by John Austen
When Kevin Figsby took over the mens hockey team at Concordia three
years ago, he vowed to restore pride and tradition to the program. Getting
the alumni more involved and instituting a Wall of Fame to honour past
greats of Loyola, Sir George and Concordia hockey squads was just part
of what he had in mind and then there were the trips to Europe!
Concordia used to have a tradition of sending teams overseas for
a couple of weeks but it had stopped, Figsby said. When we
took over we asked the players what they wanted to do, and almost all
of them said they wanted to go to Europe.
Figsby is a man of his word. On Dec. 29, the Concordia Stingers travelled
to Germany for 10 days of bonding, culture and oh, yes hockey.
The entourage of 31 people were treated like royalty from the moment they
stepped off the plane in Frankfurt.
We kept looking at each other, wondering how things could get any
more perfect for us, Figsby said.
Every day just got better and better. After one game, it took us
three hours to leave the arena because the fans crammed our dressing room
wanting our autographs. It was as if the Stones had arrived in town.
The Stingers played four games and held two practices during their 10-day
stay. They played to sellout crowds across the country and were hounded
for autographs at the rink, on the street and in the hotel. Chants of
CANADA! CANADA! cascaded down on them in every arena they played in.
This is my seventh such trip to Europe, but my first time in Germany,
said Figsby. It was a fantastic experience. Our players were great
ambassadors for both their school and their country. I didnt hear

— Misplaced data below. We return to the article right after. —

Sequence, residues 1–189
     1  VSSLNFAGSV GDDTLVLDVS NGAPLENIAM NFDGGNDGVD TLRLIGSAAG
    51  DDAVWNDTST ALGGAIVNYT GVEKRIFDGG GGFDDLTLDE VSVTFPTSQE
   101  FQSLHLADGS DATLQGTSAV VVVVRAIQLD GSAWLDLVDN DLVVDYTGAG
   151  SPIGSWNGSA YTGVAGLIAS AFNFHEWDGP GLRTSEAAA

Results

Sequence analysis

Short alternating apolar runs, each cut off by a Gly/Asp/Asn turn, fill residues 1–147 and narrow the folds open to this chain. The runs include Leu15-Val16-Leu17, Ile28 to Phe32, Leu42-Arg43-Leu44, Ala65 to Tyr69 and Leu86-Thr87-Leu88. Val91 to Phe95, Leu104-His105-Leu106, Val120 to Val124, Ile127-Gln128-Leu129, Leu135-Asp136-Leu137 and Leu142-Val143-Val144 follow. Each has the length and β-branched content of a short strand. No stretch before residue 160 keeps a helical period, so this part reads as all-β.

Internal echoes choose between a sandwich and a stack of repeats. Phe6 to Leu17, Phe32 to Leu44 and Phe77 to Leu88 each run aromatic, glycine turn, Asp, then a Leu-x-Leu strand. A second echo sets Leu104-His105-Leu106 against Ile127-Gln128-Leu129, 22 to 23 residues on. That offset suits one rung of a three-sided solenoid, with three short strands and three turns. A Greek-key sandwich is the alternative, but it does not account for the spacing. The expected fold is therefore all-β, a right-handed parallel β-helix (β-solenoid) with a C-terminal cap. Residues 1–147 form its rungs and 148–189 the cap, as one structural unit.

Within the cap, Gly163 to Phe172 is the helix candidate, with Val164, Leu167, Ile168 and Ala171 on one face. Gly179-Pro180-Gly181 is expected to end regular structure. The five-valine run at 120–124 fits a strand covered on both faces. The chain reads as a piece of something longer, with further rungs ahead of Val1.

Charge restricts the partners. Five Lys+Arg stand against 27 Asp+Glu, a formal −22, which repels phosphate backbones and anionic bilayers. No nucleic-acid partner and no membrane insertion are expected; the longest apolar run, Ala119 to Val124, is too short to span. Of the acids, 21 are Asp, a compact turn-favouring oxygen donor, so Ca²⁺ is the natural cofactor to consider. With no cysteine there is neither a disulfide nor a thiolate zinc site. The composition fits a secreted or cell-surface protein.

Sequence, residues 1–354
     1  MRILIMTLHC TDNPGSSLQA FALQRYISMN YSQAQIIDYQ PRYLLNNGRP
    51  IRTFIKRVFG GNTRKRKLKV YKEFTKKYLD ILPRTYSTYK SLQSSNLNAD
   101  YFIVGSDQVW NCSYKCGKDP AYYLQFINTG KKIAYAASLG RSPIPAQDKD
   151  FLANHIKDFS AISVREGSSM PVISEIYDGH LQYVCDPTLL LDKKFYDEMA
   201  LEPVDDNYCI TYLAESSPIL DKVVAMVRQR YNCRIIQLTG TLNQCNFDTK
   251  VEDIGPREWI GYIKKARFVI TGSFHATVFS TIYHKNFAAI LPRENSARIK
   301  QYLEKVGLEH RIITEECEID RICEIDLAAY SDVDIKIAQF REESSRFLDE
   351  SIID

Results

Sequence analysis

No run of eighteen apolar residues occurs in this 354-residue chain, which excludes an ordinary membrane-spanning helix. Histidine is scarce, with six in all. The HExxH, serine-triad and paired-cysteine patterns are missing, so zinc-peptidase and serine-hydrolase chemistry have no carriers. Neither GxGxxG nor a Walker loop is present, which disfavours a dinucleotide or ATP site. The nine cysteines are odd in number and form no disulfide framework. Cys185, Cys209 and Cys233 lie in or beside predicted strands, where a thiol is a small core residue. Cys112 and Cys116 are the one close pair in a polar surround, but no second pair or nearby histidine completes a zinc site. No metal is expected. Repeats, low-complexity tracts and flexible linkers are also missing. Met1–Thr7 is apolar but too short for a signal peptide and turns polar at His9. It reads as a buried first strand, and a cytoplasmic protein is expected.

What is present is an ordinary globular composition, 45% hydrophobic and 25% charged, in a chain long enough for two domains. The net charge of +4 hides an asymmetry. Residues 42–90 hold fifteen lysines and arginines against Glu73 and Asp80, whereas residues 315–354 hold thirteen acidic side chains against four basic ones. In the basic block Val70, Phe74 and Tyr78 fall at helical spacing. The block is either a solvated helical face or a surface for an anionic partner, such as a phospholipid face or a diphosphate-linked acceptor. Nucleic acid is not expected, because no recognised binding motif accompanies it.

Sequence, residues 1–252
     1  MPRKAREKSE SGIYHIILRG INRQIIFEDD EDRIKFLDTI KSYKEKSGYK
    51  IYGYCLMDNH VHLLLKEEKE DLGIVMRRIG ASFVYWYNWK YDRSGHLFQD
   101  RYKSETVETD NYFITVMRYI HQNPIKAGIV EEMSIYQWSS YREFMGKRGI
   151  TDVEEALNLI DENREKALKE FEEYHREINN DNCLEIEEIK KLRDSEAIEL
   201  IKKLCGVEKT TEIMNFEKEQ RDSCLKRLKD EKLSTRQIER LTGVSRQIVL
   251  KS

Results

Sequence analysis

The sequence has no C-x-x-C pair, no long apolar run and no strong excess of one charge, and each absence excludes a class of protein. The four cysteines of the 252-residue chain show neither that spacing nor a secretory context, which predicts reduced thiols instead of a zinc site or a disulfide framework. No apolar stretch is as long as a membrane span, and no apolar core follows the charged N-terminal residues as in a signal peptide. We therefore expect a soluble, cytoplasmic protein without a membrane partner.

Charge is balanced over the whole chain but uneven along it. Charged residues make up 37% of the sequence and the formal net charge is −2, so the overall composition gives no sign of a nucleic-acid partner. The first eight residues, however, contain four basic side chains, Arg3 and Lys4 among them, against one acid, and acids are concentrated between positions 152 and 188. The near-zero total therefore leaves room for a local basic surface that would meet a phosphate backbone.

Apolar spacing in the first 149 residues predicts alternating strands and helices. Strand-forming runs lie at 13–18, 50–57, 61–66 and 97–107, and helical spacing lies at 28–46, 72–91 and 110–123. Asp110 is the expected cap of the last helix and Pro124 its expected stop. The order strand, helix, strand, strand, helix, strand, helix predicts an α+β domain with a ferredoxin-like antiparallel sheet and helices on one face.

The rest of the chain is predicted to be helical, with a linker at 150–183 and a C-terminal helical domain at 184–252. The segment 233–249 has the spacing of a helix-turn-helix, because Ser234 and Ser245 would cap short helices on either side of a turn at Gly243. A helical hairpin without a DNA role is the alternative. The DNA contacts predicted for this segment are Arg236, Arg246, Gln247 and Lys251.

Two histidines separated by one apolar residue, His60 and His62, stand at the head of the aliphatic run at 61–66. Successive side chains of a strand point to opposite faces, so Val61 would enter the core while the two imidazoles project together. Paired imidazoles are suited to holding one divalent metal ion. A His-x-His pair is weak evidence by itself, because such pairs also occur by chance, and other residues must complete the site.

a negative word from anyone throughout the trip.
The Stingers knew they were in for something special when more than 200
people showed up just to watch their opening practice in Darmstedt, a
town outside of Frankfurt. A day later, Concordia played its first game
against the Darnstedt Stars and whipped their hosts 12-3 before a sellout
crowd of 1,500 people.
Then it was on to Herford, where they played to another sellout crowd
of 2,000 on New Years Eve day. They lost this game 10-8, but no
one seemed to mind. Later that night, it was on to a rented hall where
their hosts held New Years Eve celebrations.
In Germany, its a custom at midnight for families to go outside
and light fireworks said Figsby, so here we were, a group
of Canadian hockey players watching the fireworks and singing O Canada
at the top of our lungs. It was a moment well never forget.
Figsby says an incident in Herford summed up the trip. I was by
myself in the shopping district of Herford which is much like Old Montreal
without the cars, he recalled. Its pouring rain and
Im sopping wet.
Suddenly I hear this little voice from across the street saying
Coach from Canada! Coach from Canada! Its a little German
lady, and shes waving her arms at me. Come with me. Ive
called my father and he will come pick you up and take you back to your
Sure enough, this stretch Mercedes pulls up and in we get. Turns
out hes a high court judge who had taken his family to our game
the night before. He had brought a big Canadian flag with him to the game
to make us feel welcome. This type of thing just doesnt happen every
The Stingers also played games in Halle (a 4-4 tie in front of 5,000 fans)
and Baden Baden (an 8-2 win).
The players and coaches visited museums, Martin Luther University, a chocolate
factory, and the church where Handel first learned to play the piano.
The trip cost a total of $50,000. Each player contributed $500 to the
cause, while the rest was raised through fundraising and donations.
Its a lot of work to plan a trip like this, Figsby said.
All the memories make it worth it, though. It will be hard to top